Canadian economy's trouble spots smoothing out
By Louise Egan
OTTAWA (Reuters) - Canadian industries are operating at a production capacity that is approaching pre-recession levels and the housing market remains strong, according to data on Thursday that offered the prospect of steady, if slower, economic growth.
Industries operated at 81.3 percent of capacity in the third quarter, rising sharply from 79.9 percent in the previous quarter as automakers rebounded from supply disruptions resulting from Japan's earthquake and tsunami.
The performance was above the 79.5 percent market forecast. It was also the highest rate since the third quarter of 2007 but still below the 83.4 percent peak seen earlier that year.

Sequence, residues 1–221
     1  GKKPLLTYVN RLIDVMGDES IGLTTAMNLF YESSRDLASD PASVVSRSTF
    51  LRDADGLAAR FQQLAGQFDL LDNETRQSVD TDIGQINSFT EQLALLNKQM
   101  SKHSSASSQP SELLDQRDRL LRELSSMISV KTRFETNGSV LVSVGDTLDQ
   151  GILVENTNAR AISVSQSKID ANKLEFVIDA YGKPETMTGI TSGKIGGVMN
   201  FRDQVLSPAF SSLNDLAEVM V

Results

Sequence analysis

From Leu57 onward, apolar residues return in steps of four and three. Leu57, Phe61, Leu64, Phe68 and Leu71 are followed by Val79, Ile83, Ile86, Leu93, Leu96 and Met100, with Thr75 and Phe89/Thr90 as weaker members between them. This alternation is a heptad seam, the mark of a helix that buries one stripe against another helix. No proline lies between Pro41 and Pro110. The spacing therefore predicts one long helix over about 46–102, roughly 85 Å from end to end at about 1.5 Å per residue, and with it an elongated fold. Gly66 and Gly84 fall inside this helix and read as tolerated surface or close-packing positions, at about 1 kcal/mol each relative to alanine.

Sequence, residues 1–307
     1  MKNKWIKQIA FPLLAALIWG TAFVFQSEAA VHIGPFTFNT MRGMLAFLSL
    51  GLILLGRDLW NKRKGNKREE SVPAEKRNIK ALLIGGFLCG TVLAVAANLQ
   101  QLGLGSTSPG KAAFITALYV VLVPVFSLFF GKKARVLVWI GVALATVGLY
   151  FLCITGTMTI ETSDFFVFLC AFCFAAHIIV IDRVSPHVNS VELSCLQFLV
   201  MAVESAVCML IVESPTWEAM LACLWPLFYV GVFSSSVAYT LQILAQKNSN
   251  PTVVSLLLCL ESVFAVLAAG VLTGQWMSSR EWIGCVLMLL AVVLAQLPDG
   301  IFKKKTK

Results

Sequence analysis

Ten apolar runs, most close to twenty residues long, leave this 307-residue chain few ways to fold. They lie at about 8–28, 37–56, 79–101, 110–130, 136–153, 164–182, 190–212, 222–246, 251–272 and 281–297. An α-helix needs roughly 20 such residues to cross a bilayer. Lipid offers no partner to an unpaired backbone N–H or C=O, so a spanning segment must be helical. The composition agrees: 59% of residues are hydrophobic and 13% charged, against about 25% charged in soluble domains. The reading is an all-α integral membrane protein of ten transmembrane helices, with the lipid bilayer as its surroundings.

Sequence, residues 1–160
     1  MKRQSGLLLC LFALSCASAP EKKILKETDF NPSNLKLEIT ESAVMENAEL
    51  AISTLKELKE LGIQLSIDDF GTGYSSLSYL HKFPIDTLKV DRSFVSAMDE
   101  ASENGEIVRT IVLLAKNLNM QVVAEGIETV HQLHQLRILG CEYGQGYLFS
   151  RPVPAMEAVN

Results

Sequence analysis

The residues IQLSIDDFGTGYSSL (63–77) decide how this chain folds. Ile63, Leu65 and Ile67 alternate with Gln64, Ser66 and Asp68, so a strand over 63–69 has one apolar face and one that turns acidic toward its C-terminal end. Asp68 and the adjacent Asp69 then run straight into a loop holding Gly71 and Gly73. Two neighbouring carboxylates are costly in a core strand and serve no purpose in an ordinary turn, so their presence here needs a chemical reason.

Canada's economy has fully recovered from a mild recession in 2008-09 but its manufacturing sector is less steady, hit by a strong Canadian dollar, weak U.S. demand and more recently the Japan supply-chain disruptions.
Manufacturers' capacity use rose to 81.1 percent from 79.5 percent in the third quarter and gains were widespread across 13 of 21 industries.
Companies that make transportation equipment such as cars, ships and railroads were "by far" the largest contributors to higher output with an increase of 7.1 percentage points, Statscan said.
However, auto production had been hard hit in the second quarter by the supply chain disruptions, and the big third-quarter jump was simply a rebound that returned output to first-quarter levels, Statscan said.
Manufacturers of machinery, chemical products, beverages, metal products and paper also increased their output significantly in the third quarter. Continued...